Today’s alt energy news leads off with some comments from Secretary of Agriculture Tom Vilsack, reports on some problems with wind generation in New Jersey, and comments on a new report from the Heritage Foundation.
Vilsack spoke against ending the $0.45/gallon ethanol blending credit, instead supporting a gradual scaling back of the credit and redirecting some of the savings to installing more blender pumps at US gas stations. Vilsack’s suggestions echo those proposed by an ethanol industry organization called Growth Energy, which supports ethanol as “America’s green growth energy solution to our foreign oil problem.”
Growth Energy’s plan is composed of two primary elements. First, building an ethanol infrastructure, including federal support for installing 200,000 blender pumps and federal loan guarantees for ethanol pipeline construction. Second, the group wants all new cars sold in the US to be flex-fuel vehicles, capable of using any blend of ethanol up to 85% (E85).
A blender pump with tanks and installation costs about $100,000. That would cost $20 billion for 200,000 pumps. The ethanol subsidy currently costs US taxpayers $6 billion annually. Growth Energy estimates the cost of making vehicles flex-fuel-capable at about $120 per vehicle. The group proposes converting 120 million vehicles to flex-fuel. Total cost: $14.4 billion, all of which would be paid for by car buyers, not the federal government.
Whether or not Vilsack’s and Growth Energy’s plan is eventually adopted, it does contain a reasonably good idea. Encouraging more blender pumps is good, but the locations should be limited to those Midwestern states where corn is grown and ethanol is produced. Moving ethanol around the US by truck or rail reduces ethanol’s carbon emissions gains, and pipelines to carry ethanol would likely double the $20 billion price tag for adding blender pumps.
Adding more government spending is not something that the Heritage Foundation favors. The conservative think tank has published a report calling for a $6 billion reduction in the proposed 2012 federal budget for the Department of Energy. The reduction represents about 20% of the DoE’s proposed spending.
The largest proposed saving is $4.03 billion in the DoE’s applied research programs. The report notes that the Office of Energy Efficiency and Renewable Energy should be eliminated entirely saying that the office is promoting commercialization of energy efficiency technologies, not their development, and that private firms could do both the development and the commercialization better.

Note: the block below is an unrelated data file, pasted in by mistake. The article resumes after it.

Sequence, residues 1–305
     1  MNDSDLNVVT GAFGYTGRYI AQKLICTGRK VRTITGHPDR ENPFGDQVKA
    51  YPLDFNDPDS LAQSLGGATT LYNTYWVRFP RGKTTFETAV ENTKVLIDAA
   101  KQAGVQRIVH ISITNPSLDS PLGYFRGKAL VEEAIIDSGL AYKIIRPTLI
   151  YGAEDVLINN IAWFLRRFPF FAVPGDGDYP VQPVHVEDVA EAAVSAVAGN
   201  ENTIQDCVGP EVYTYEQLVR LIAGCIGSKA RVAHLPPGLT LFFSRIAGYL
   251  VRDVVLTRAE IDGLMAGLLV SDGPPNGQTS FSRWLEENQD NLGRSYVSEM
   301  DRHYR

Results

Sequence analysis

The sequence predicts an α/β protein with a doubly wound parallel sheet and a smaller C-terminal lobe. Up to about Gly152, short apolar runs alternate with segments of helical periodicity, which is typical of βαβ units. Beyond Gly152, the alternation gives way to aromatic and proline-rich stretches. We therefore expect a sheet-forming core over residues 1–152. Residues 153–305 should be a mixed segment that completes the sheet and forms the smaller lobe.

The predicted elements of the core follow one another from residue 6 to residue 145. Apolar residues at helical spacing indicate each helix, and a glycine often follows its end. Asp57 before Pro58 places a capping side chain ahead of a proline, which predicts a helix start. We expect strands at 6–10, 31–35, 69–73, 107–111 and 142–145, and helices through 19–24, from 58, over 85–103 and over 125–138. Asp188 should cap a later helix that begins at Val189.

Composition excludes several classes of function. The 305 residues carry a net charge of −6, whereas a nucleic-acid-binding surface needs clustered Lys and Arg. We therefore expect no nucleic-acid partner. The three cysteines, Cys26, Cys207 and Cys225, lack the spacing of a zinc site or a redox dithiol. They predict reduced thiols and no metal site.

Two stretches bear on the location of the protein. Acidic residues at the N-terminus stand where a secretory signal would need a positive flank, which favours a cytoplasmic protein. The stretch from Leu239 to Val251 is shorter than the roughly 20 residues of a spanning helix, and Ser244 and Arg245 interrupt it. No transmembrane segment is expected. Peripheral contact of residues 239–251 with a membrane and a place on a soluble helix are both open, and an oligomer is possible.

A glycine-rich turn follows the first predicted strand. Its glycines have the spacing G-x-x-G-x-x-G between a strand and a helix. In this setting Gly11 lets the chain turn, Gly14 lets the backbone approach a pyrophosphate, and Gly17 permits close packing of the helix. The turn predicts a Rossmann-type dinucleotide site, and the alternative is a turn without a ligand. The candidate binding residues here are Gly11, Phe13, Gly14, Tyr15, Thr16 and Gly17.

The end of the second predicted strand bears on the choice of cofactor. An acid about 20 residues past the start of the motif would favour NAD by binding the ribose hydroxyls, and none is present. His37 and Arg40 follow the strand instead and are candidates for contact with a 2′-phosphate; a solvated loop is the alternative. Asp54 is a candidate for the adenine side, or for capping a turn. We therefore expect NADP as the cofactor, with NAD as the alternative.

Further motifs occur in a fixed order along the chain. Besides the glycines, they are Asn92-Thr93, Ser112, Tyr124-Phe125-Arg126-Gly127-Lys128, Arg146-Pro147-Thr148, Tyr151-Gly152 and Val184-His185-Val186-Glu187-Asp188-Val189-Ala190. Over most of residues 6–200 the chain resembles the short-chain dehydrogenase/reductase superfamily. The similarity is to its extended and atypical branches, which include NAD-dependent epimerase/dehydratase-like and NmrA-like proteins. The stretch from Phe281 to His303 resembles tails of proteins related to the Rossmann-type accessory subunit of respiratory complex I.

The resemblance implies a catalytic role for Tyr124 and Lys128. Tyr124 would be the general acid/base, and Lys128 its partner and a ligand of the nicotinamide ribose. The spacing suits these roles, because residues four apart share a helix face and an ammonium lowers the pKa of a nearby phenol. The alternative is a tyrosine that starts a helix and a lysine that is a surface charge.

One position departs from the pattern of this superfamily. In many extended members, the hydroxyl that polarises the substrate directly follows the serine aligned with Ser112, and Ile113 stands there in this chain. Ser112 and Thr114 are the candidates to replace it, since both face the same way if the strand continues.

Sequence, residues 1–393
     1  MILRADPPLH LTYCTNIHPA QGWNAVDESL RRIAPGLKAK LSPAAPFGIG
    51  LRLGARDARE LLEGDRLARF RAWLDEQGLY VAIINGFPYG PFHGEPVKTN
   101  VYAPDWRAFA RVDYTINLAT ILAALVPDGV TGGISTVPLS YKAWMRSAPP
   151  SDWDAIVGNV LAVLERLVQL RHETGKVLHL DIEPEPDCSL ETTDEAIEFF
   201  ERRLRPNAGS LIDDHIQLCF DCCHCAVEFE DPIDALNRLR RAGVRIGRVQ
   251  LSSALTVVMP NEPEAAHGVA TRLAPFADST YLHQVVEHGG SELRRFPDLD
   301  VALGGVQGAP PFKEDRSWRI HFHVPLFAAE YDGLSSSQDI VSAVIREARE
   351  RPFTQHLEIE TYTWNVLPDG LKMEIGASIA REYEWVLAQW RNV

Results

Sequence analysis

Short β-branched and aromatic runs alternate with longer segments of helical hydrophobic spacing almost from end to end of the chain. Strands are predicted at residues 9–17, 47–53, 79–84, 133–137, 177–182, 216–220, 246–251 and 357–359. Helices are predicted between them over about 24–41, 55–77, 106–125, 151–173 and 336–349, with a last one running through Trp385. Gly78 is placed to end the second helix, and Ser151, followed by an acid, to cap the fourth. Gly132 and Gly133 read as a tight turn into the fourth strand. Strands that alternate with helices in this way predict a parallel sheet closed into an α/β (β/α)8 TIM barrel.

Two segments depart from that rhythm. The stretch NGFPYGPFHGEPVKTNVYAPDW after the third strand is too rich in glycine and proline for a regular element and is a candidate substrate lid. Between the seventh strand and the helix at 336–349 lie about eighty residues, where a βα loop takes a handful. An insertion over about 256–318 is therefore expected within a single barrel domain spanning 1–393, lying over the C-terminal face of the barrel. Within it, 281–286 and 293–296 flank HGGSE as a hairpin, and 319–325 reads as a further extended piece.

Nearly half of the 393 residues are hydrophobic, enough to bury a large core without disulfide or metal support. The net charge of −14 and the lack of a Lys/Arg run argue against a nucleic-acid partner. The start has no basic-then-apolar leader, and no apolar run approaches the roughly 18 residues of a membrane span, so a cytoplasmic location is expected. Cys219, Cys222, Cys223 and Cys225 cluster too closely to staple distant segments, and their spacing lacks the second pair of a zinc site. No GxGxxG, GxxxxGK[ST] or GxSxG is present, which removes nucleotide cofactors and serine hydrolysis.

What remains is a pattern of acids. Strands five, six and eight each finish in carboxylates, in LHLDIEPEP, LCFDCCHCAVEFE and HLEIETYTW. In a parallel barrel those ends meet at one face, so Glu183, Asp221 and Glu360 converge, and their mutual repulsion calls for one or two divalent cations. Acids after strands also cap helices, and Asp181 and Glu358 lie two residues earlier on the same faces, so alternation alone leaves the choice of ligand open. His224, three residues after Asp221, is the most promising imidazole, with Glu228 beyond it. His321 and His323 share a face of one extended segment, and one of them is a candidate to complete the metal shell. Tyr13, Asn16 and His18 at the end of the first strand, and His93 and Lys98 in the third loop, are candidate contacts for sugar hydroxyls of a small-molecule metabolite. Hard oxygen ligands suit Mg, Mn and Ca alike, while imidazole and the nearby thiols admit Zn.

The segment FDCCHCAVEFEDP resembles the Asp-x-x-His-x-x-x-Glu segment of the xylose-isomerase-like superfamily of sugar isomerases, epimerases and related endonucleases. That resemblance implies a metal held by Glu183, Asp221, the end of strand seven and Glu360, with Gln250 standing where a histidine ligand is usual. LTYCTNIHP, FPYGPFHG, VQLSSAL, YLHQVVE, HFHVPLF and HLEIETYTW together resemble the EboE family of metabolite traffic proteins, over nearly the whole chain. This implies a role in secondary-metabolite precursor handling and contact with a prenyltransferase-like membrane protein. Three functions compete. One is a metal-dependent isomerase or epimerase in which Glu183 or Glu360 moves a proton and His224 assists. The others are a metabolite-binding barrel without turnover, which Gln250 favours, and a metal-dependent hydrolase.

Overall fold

The Heritage report assumes throughout that private enterprise always and everywhere is better at everything than any government. The report also asserts that “[e]nergy production is a viable commercial enterprise, so the U.S. does not need a government agency dedicated to advancing this activity.” Both propositions are certainly arguable, and plenty of argument is sure to follow soon.
Finally, the Daily Record of Parsippany, New Jersey, reports that New Hersey is reezing new applications for its wind power incentive program following one incident where turbine blades fell off a 10-megawatt turbine and a second incident where cracks were found in turbine blades.
One of the installations, at a Christmas tree farm, was returning just 25% of the electricity production the owner was led to believe he’d get from the wind turbine. The owner expected to apply for more than $79,000 in clean energy rebates for the installation, but now wants the bladeless tower removed and a refund from the companies that made and installed the tower.
We noted earlier this month a report from the UK that calls into question many of the claims made for wind generation. Having the blades come off was not mentioned.